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Plaintiffs File Motions to Centralize Testosterone Drug Lawsuits

testosterone drug lawsuitsWith the scope and volume of testosterone drug lawsuits continuing to increase at a rapid pace, new motions have been filed by plaintiffs seeking consolidation of cases alleging negligence on the part of drug makers.

Recent weeks have seen two significant motions from plaintiffs that could have a very significant impact on the trajectory of all future litigation pertaining to drugs such as Androgel, Axiron, Androderm, Testim and more.

Background and substance of recent motions

At present, no less than 50 lawsuits have been filed in federal courts nationwide by male patients claiming that they experienced a stroke, blood clot, heart attack or other harm resulting from their use of a testosterone therapy drug.

Many of these cases are linked to the use of the drug Androgel, the most widely-prescribed testosterone therapy, but others have been initiated by users of Androdern, Testim, Axiron and other drugs. April 11 saw the filing of a Motion to Transfer by a husband and wife plaintiff tandem requesting that a single, centralized proceeding be created to handle testosterone claims from every manufacturer. The reason for the request in this instance likely stems from the fact that the plaintiff in this particular matter used both Testim and Androgel, each of which is made by a different drug company.

This motion comes on the heels of another filed last month seeking the establishment of a distinct multidistrict litigation (MDL) for federal litigation involving Androgel. According to information posted by the U.S. Judicial Panel on Multidistrict Litigation, oral arguments are set to take place on this request in Chicago on May 29. Though it is not yet clear, it remains possible that arguments for and against the motion to consolidate all testosterone drug lawsuits into a single MDL will also be heard at that time.

Arguments for consolidation of cases

Thus far, the majority of testosterone lawsuits currently pending involve harm allegedly caused by Androgel use, but all testosterone injury claims involve allegations that drug makers failed to warn patients and doctors of known risks of strokes, blood clots, heart attacks and death posed by these treatments. The motion to consolidate all litigation into a single MDL argues that these cases contain virtually identical allegations of corporate misrepresentation that testosterone therapy drugs were safe and that the dangers of using the products were grossly understated.

By consolidating the cases into an MDL, it is argued, common questions of fact and law can be managed efficiently, the discovery process can be streamlined and inconsistent or conflicting rulings from a variety of judges can be avoided. The plaintiff responsible for filing the consolidation motion is seeking to have all testosterone cases consolidated in the Eastern District of Louisiana.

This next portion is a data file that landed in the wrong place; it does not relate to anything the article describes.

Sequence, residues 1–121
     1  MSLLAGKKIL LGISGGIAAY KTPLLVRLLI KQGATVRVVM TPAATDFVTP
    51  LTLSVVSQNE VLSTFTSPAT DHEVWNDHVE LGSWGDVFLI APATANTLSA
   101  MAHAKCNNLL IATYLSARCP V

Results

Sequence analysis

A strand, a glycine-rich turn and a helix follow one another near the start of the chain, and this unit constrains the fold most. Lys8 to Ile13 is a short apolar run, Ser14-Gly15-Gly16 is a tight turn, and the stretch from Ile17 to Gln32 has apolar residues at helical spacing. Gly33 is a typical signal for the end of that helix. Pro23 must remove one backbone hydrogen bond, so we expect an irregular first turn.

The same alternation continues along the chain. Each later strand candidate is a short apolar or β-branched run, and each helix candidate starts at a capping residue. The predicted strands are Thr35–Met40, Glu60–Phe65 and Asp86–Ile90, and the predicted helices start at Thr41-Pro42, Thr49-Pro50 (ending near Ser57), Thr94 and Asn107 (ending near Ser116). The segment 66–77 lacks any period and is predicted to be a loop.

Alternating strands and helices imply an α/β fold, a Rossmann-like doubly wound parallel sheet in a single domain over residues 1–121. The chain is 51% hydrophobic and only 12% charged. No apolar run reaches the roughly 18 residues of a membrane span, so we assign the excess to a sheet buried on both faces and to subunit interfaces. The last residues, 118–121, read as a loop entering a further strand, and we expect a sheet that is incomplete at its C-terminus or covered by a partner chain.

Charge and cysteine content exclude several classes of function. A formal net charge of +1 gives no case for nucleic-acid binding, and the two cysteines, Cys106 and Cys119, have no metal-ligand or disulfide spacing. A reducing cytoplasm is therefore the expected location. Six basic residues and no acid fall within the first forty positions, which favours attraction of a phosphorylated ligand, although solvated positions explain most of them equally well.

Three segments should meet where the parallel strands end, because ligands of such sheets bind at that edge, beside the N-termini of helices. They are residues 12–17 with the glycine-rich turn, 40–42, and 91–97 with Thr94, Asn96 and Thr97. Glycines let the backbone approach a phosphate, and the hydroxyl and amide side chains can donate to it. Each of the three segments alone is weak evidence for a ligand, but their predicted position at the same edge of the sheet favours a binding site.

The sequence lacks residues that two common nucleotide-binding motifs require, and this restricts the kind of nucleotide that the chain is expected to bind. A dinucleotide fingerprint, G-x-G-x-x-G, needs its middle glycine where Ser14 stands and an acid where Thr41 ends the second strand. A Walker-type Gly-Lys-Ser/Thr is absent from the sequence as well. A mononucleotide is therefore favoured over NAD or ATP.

History of concerns about testosterone therapy

Testosterone drug lawsuits have gathered steam in recent months in large part due to a series of published studies linking use of the drugs with serious risks of heart attack and stroke. A study published in January of 2014 found that testosterone therapy medications could actually double the risk of cardiac events in younger men suffering from a preexisting heart condition and also in men 65 and older without prior heart issues. A November 2013 study in the Journal of the American Medical Association supported those earlier findings in older males with a history of heart trouble.

The U.S. Food and Drug Administration subsequently announced that it would conduct a safety review of testosterone therapy treatments, a segment of the pharmaceutical market that has seen explosive growth in the past few years. Critics of the supplements have argued that drug makers have engaged in irresponsibly aggressive advertising campaigns that tout testosterone therapy as a cure-all for common side effects of aging such as low libido, fatigue and forgetfulness.

They point to the fact that these drugs received FDA approval only as treatments for recognized testosterone deficiencies such as the condition known as hypogonadism. However, despite estimates suggesting that only about a million American men actually have that condition, observers have questioned why drug makers feel that the market for testosterone therapy drugs is closer to 20 million men. With millions of males rushing to their doctor to get their hands on these treatments, consumer watchdog groups, physicians and researchers alike have all been sounding the alarm about widespread exposure to unnecessary testosterone side effects and risks.

  1. Minneapolis Star Tribune, FDA reviews safety of testosterone gels, patches and shots after studies suggest heart risk, www.

  2. U.S. Food and Drug Administration, FDA evaluating risk of stroke, heart attack and death with FDA-approved testosterone products,